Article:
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Environmentalists warn against large-scale farming

BUSIA
By | September 18th 2011

By LILIAN ALUANGA

Agricultural projects, changing climate and a rise in population are some of the factors being blamed for the drying of one of Kenya’s top fresh water wetlands.

Known for its rich diversity of birdlife, wild animals and plants, the Tana Delta wetland is home to thousands of pastoralists, farmers and fisherfolk whose livelihoods depend on activities that are supported by this ecological feature, which is now at risk of being turned into one huge farmland.

At Dide Waride, a wetland area, Hussein Gona is worried that herds of the pastoralist Orma community in the area may not have enough pasture this season.

Gona is standing on a dry portion of land and points to hundreds of cattle, sheep and goats scattered across hundreds of acres of land.

A man in a canoe in Lake Moa. The lake is likely to dry up after waters from River Tana were diverted for irrigation. [PHOTO: LILIAN ALUANGA/STANDARD]

"Usually, during the rainy season, goats can stand in water that is chest-deep," he says. When the rains subside the area becomes an important dry season grazing site for hundreds of thousands of livestock.

Frequent droughts are, however, posing a new challenge as herds of livestock that are not resident to the area converge in the delta.

"Herders are coming from elsewhere to graze their cattle here. They are coming from as far as Ethiopia, Garissa, Wajir, Mandera, and Bura. If this is not controlled we will not have much left for our livestock," adds Gona.

"All the water is gone. I blame irrigation projects in this area to some extent, because I believe they have sucked the area dry," he says of the now seasonal wetland.

In Salama location, farmers are blaming the canals and dykes constructed in the 1990s to support irrigation projects in the area.

Ox-bow lake

There is talk that a good portion of land that was converted into farmlands was once part of the wetland.

"Flood waters had natural channels through which they would flow into the wetlands," says a farmer in the area. The waters often provided good breeding grounds for fish and other aquatic life.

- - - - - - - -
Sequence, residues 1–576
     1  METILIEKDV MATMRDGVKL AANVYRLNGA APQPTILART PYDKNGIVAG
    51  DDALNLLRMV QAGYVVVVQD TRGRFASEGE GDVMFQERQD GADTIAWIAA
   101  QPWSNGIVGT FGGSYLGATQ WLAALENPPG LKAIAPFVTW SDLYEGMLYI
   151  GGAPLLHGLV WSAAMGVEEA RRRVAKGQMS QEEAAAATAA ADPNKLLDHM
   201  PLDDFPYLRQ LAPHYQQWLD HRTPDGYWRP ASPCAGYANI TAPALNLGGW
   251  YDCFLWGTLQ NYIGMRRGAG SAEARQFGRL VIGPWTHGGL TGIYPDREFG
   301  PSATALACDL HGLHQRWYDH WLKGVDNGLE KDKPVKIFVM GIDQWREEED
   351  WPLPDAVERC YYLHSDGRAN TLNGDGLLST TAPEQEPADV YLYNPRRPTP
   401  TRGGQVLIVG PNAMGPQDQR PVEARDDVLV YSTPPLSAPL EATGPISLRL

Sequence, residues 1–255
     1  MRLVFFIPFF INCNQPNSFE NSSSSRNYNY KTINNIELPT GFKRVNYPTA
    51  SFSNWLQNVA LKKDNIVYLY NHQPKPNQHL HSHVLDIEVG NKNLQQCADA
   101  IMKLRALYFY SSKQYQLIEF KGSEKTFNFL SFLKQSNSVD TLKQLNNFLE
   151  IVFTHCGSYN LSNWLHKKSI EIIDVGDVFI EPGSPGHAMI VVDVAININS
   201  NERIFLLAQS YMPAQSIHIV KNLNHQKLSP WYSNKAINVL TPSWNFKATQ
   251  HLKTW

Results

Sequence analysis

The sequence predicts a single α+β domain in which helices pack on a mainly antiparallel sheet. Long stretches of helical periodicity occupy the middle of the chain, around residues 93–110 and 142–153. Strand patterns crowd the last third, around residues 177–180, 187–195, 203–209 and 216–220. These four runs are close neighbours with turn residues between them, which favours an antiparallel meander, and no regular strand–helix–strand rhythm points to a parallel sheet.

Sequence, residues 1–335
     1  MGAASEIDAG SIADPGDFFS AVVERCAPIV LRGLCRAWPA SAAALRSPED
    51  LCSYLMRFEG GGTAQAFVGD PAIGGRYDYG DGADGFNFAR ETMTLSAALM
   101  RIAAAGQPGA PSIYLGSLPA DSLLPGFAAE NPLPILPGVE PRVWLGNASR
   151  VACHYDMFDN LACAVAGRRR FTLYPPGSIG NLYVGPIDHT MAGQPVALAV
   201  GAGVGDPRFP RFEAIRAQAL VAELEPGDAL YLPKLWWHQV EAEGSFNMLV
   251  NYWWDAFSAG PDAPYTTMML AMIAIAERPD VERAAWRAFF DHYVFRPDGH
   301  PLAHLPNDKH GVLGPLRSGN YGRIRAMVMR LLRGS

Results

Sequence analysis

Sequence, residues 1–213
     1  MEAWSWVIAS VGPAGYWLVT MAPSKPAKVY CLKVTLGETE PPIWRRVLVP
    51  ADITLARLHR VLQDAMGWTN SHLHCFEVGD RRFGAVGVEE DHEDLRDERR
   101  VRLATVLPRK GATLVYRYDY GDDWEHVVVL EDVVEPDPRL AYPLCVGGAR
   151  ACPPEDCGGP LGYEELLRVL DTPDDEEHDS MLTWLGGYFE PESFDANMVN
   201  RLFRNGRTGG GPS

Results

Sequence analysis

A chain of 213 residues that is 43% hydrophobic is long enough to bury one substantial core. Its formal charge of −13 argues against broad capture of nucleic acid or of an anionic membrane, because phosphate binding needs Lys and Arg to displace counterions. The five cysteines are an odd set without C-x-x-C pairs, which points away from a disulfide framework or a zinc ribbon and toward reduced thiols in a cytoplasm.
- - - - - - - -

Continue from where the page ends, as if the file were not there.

Along the shores of Lake Moa, fisherfolk are counting their losses as a result of dwindling fish stocks in the once raging waters of the Tana that fed the ox-bow lake.

"It is not the same anymore. We now have to seek other means of survival like doing odd jobs in surrounding villages," says Joseph Otieno.

Also at risk are the dozens of bird species, hippos and crocodiles dependant on the Tana’s wetlands. There are said to be over 300 bird species, which include the endangered Basra reed warbler and Tana River cisticola. Other species are ibises, herons, kingfisher and pelicans. The wetlands also support mangrove forests, grasslands, marshes, woodlands, lakes and bushland.

At the edge of Mpeketoni village in Ozi location, a section of the land on which mangrove trees stands looks dry and cracked.

"This is just a fraction of what is really going on here," says Omar Ngama.

Salinity in the area has been attributed to a rise in sea level, which some environmentalists link to global climate change. But there is also no denying that the forest has not been spared degradation.

Back in Dide Waride, Gona is musing over the fate of herds that now have to walk dozens of kilometres in search of water and pasture and the effect this may have on their market value and productivity.

"Over 60 per cent of the meat in Mombasa, Malindi and other areas in Coast Province is supplied by these herds. If they die then that supply is also cut off," he says.

Gona, like many other pastoralists, is not too keen on farming and projects geared towards it.

"We have seen irrigation projects started here. They come and promise us jobs and a better life, but in the end we do not benefit," he says.

Plans to put thousands of hectares under crops like sugarcane and others geared towards the production of biofuels are worrying environmentalists, who insist the delta must be protected at all costs.

Says Prof Odada of the University of Nairobi: "Some of these crops require a lot of water and we must think critically about the effects of growing them in large scale in a wetland area."

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